At the core of Don’t Worry’s second album is an unshakeable sense of detachment. Musically, this is a band who are detached from the present day, insofar as the instrumentation routinely recalls aspects of Britpop, late-’90s sludgy guitar tones and idiosyncratic indie-rock motifs of the mid-2000s. Even their lyricism wryly smiles in this direction with a nod to Oasis (“Is it just me who hates me? Definitely, maybe”). Emotionally, too, they’re conscious of a universal detachment from the primordial desire to forge real life connections (“Our eyes are glued to our phones waiting for someone to say hello”), while the need to disconnect from one’s denigrating inner monologue (“It’s difficult to find a quiet place in any corner of my mind”) is more of a struggle.
Paradoxically, though, it’s that overarching sense of detachment which enables vocalists Ronan Van Kehoe and Samuel Watson to be completely unabashed in their assessment of modern society. In detailing the malaise of living in an era which relentlessly promotes productivity – and can often make those who don’t comply feel worthless – they starkly proffer the detrimental effects that can have on one’s well-being, as noted on ‘The Scythe’s Remorseless Swing’ and ‘What’s In A Name’.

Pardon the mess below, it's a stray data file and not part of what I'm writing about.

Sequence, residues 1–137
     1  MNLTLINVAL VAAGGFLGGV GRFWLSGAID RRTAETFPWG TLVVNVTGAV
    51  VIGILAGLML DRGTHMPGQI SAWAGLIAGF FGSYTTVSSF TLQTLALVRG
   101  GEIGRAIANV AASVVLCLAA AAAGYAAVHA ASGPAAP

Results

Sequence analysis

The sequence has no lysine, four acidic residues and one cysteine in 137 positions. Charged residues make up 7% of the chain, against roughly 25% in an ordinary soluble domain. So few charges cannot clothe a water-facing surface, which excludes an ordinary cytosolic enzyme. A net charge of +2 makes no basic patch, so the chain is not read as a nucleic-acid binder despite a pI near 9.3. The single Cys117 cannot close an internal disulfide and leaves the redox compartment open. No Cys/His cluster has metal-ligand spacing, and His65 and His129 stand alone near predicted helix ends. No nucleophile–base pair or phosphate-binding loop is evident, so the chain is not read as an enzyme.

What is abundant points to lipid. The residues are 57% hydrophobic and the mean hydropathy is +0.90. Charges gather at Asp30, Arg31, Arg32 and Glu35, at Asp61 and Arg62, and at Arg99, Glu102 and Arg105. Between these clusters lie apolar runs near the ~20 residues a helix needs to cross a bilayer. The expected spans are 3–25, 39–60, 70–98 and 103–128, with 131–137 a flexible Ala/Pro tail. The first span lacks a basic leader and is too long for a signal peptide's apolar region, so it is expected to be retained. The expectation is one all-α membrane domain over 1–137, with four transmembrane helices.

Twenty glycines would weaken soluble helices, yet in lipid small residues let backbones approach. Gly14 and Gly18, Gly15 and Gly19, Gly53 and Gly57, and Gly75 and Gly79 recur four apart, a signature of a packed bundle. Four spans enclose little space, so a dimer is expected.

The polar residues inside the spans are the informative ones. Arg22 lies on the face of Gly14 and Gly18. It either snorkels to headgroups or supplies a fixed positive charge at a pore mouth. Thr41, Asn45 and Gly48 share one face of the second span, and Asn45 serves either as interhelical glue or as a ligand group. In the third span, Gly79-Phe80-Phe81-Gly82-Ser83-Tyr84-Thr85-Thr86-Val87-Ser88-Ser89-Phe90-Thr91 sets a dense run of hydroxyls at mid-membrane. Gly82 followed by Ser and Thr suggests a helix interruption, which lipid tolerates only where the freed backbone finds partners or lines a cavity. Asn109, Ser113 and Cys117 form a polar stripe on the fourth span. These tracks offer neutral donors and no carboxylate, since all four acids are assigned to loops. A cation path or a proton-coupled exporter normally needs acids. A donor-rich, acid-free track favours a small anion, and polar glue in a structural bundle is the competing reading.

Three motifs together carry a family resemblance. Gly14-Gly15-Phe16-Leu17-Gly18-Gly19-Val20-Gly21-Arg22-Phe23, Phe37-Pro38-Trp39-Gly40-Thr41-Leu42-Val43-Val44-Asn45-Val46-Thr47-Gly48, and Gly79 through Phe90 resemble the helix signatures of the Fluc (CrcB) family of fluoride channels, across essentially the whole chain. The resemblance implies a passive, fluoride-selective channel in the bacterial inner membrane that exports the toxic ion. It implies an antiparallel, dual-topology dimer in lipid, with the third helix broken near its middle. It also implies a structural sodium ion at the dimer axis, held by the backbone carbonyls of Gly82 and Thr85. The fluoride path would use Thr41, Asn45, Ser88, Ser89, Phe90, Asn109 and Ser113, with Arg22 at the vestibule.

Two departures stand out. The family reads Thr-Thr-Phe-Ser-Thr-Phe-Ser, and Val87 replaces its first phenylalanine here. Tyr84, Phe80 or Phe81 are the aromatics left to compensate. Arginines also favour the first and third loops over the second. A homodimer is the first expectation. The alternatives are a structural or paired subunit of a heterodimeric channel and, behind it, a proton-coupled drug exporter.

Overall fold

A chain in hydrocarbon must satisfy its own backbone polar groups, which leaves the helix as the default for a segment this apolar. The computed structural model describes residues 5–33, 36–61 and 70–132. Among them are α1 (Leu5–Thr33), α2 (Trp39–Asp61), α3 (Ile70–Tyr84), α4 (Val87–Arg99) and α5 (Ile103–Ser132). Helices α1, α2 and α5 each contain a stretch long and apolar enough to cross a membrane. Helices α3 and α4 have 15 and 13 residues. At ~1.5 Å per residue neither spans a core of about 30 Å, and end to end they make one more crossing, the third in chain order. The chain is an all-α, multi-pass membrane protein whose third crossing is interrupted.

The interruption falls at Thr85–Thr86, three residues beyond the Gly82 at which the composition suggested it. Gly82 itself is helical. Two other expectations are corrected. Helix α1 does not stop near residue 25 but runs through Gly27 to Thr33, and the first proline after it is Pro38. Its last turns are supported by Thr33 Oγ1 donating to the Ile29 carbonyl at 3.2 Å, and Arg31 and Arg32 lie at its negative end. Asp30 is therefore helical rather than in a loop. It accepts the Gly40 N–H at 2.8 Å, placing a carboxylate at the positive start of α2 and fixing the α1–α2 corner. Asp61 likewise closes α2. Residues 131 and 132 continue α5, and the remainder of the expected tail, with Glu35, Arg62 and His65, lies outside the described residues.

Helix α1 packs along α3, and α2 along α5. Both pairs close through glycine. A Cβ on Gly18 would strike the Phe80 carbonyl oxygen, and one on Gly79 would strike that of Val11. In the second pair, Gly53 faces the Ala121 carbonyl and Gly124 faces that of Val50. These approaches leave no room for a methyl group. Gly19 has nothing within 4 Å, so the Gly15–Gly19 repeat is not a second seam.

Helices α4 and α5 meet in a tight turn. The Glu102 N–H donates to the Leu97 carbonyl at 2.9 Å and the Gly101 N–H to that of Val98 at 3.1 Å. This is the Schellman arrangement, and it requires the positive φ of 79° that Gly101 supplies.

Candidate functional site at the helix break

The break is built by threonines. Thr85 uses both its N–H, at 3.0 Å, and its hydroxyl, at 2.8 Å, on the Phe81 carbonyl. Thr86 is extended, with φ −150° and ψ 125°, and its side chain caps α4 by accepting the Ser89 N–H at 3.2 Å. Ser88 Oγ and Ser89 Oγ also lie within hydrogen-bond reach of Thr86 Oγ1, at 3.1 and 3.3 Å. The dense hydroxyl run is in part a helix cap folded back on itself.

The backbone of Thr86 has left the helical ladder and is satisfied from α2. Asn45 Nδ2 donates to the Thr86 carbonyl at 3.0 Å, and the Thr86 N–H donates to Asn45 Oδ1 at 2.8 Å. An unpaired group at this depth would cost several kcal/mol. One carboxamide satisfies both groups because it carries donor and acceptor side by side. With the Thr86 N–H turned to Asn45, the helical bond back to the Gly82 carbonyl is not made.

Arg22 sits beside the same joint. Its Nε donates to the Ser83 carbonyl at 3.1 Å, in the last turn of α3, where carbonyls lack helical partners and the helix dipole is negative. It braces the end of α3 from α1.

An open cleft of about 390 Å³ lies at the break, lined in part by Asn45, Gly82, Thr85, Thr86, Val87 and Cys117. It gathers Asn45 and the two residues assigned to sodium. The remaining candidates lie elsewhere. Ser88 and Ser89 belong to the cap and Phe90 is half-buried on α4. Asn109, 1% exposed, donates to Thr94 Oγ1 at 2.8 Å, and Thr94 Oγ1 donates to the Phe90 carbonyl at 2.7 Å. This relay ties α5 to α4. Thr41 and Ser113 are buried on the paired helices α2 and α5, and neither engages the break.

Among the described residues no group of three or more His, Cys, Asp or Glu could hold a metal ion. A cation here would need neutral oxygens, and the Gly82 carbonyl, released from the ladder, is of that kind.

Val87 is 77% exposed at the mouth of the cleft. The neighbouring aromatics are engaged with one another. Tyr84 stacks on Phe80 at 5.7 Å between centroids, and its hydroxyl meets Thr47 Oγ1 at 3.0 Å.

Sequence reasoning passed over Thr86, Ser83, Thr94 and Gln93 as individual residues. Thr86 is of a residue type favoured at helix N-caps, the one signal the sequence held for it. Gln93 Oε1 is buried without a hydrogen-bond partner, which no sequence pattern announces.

Don’t Worry’s instrumentation is primarily indebted to the density and intensity familiar from acts like Weezer (particularly on ‘Boredom Abound’) and The Cribs. While the chugging guitar lines of ‘Every Corner’ or ‘Crushing Weight’ are undeniable driving forces, the finesses sentimentality permeating the closing triplet ultimately provides the LP’s emotional peak.
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